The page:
The Chronicles in Japan 2020 Part 6: Impact Magic and TRA Kyoto…

The next morning after an epic visit to Car Make ACROSS, Yasu and I hopped into his FK7 Civic so we could head out to Kyoto. We were set to meet up with Kei Miura from TRA Kyoto to discuss some future plans but when we arrived, he was nowhere to be found. If you guys watched the Vlog, you’ll see exactly what happened; we literally walked around his shop looking for him and could hear music in the distance, but it didn’t seem like anyone was there. Maybe someone had stepped-out for lunch or something but it was odd that the door was unlocked…

Eventually we walked around long enough for someone to notice we were there and one of Miura’s workers came to greet us. He informed us that Miura had a pretty unique sleep schedule and wouldn’t be at TRA Kyoto until about 4 PM. Being someone with a weird schedule myself, I understood. Hell, most of the time I don’t even sleep until 6 AM and Miura is probably the same way. We didn’t want to bother the worker and wait around for two hours so we decided to visit another shop in the area, Impact Magic. It’s been a while since I had visited Impact LTD. I think the last time was back in 2016 when I had DPK David and the guys with me on their first trip to Japan. Tsuneo Sonoda is a busy man but he’s been in integral part of my Japan experience since the very beginning. We’ve done some, well…”interesting” automotive adventures, to say the least, on Osaka highways in the past but neither of us really partake in said-adventures these days. I do appreciate him always being so welcoming whenever I do come to Japan and always opening-up his shop for me to explore. Like I said, it’s been quite some time since I’ve been back but we just don’t go to Kyoto very often unless its for some touristy things that I don’t really want to do with my brief time in Japan so I just haven’t been back to see him…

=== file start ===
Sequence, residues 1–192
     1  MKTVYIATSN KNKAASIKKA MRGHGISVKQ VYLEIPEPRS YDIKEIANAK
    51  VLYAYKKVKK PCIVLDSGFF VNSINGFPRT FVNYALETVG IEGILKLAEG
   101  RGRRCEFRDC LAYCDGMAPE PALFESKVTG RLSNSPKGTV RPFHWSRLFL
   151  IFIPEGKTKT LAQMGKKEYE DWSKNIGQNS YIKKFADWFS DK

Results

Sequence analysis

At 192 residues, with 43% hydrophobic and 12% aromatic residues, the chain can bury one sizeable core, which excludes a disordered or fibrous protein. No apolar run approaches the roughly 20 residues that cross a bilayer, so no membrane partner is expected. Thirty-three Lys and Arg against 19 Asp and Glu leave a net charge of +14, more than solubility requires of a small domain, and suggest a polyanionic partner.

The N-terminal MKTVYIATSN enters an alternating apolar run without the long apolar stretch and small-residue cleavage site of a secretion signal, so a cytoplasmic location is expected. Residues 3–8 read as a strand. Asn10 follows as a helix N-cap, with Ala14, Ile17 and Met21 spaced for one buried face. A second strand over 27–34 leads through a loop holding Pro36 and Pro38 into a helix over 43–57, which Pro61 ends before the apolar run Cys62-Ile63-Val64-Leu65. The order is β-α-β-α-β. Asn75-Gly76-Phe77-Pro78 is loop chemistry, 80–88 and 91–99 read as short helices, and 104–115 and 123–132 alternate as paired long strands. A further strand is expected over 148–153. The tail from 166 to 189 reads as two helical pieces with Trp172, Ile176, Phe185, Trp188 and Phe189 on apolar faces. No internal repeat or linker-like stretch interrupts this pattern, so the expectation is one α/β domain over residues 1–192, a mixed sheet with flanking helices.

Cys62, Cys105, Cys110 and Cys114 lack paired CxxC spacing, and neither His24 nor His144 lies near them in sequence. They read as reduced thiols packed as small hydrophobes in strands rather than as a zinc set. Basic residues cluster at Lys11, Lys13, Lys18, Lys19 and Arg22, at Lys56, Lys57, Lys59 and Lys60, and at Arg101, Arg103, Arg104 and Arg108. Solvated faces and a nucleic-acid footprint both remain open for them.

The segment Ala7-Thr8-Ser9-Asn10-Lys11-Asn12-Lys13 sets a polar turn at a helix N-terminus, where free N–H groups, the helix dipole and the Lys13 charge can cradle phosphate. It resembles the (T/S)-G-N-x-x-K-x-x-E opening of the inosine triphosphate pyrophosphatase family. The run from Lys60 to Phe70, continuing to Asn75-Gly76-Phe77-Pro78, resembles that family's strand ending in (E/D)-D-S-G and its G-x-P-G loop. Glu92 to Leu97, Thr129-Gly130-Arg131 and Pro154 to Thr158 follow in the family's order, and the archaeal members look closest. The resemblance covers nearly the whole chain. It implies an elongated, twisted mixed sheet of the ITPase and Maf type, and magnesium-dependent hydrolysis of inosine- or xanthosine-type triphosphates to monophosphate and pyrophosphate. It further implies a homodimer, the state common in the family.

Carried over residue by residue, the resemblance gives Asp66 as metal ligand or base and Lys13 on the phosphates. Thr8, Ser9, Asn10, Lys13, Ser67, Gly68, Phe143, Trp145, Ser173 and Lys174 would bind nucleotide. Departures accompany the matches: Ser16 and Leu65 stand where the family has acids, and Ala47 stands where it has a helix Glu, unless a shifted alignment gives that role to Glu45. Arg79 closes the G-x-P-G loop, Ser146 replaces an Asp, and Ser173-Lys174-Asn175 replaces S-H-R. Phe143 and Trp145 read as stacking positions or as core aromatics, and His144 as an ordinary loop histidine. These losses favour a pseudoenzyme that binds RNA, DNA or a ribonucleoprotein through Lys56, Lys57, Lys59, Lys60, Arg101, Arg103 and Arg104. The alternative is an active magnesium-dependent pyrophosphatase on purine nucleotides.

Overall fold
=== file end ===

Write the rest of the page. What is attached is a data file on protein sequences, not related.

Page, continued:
He had no idea we were coming and we had no plans to visit. Yasu just gave him a call and he just happened to be on his way back to Impact Magic. Sonoda said we were welcome to come so we headed his way. Impact is relatively close to TRA Kyoto, just a few minutes away actually, and if you’re in the area, you’ll also pass another legendary tuning shop, Phoenix’s Power, on the way. I know TRA Kyoto gets a shit ton of visitors—probably more than Miura wants, to be honest, but I can’t say that you can just walk right into Impact Magic. There isn’t a huge sign or anything outside either so it’d probably be difficult to find. I’m not saying you can’t go there, but I wouldn’t try to because it’s not that type of place. Phoenix’s Power I am not sure of. I wanted to go there but we just didn’t have enough time. By the time we wrapped-up at Impact, we already had to go to meet Miura…

Before we begin, I just wanted to remind everyone that this is the sixth-installment of the ongoing Japan Photo Series. I thought it’d be great to compile everything into one big collection instead of spreading them out without any timeline or context. If you missed any of the previous parts, I’ve attached them below…

The Chronicles in Japan 2020 Part 1: Arrival and Tokyo Auto Salon…

The Chronicles in Japan 2020 Part 2: More From TAS…

The Chronicles in Japan 2020 Part 3: Spoon Collection Event…

The Chronicles in Japan 2020 Part 4: Tokyo Nights, Hong Kong Meet, and Factor Racing Service…

The Chronicles in Japan 2020 Part 5: Car Make ACROSS, Trial Tuning Spirit, and Speedforme…

If you guys are waiting for another Vlog episode, there won’t be another one until I return to Japan to film next week. I didn’t film in Hawaii this time around because I wanted to focus more on photography. There are still more photos coming from Japan though, two more parts I think, so stick around for that…

If you’re looking for Wekfest Hawaii coverage, I might try to wedge that in-between the posts from the Japan Photo Series because it’s something I think people in Hawaii are waiting to see as well as some of the people back here in the States. I haven’t decided yet so I guess you’ll just have to wait and see…

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Yasu’s FK7 Civic on Desmond Regamaster EVO II in bronze parked outside of Impact Magic when we first pulled-up…

Initially I didn’t know if he had any secret projects inside the shop and whether or not there was anything inside that he didn’t want me to capture so I just chilled outside…